Assam shares international border with Bhutan and Bangladesh; and culture, people and climate is similar to that of South-East Asia – bringing the elements in India’s Look East policy. Assam became a part of British India after the British East India Company occupied the region following the First Anglo-Burmese War of 1824–1826.
Assam tea is produced in the region of Dibrugarh, Tinsukia and Sivasagar. Petroleum is extracted in Digboi, Duliajan. The state is a major producer of Assam silk.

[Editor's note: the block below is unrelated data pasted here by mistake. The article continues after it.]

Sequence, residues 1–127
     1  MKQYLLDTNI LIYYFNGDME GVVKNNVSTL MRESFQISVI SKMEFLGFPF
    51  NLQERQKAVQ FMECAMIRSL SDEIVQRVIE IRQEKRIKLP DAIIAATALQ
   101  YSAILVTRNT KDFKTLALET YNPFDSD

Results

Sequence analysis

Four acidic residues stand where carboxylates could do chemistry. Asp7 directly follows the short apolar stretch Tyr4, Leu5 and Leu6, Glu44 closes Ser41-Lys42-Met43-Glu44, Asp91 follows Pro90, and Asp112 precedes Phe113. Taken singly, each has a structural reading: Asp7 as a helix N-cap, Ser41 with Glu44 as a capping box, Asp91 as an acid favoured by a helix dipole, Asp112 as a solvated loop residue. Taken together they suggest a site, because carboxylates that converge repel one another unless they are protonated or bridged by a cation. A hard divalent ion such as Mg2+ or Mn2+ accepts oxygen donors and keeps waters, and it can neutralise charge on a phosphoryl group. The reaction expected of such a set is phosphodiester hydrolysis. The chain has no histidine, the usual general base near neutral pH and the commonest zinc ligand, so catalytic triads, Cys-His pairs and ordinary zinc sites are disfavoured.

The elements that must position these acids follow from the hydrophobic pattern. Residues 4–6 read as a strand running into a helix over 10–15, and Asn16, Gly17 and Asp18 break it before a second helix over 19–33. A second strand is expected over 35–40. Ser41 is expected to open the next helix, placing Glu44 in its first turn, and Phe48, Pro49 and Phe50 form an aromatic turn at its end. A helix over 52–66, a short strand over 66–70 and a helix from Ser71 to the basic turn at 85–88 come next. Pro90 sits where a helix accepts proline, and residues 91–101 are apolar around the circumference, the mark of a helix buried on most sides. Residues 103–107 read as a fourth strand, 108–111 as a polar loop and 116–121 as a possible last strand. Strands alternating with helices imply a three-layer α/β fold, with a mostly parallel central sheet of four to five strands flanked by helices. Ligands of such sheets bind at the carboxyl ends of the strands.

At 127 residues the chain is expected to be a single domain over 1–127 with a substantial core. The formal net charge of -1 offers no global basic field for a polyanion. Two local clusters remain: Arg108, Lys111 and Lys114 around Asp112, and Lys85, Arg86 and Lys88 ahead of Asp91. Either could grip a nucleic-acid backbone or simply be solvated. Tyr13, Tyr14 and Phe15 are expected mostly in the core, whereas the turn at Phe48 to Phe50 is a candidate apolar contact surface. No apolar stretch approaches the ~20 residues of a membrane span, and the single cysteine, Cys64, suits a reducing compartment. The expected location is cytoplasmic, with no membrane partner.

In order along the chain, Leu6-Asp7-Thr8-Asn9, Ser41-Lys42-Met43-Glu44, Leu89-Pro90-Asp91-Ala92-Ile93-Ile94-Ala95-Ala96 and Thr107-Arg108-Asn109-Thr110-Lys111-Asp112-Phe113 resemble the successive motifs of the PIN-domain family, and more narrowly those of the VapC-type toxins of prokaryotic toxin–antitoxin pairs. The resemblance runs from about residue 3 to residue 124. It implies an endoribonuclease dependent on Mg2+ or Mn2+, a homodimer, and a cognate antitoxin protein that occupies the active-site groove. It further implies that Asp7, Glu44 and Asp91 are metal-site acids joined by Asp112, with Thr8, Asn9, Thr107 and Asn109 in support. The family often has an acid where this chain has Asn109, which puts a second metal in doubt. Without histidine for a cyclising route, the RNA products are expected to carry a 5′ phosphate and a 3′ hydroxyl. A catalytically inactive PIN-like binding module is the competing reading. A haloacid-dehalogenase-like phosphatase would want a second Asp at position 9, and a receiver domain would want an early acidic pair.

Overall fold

The state has conserved the one-horned Indian rhinoceros from near extinction, along with the pygmy hog, tiger and various species of Asiatic birds. It provides one of the last wild habitats for the Asian elephant. Assam economy is aided by wildlife tourism while Kaziranga National Park and Manas National Park are designated World Heritage Sites. Sal tree forests are found in the state, which as a result of rainfall looks green all year round. Assam receive more rainfall compared to most part of India. This rain feeds the Brahmaputra River, whose tributaries and oxbow lakes provide the region with a hydro-geomorphic and aesthetic environment.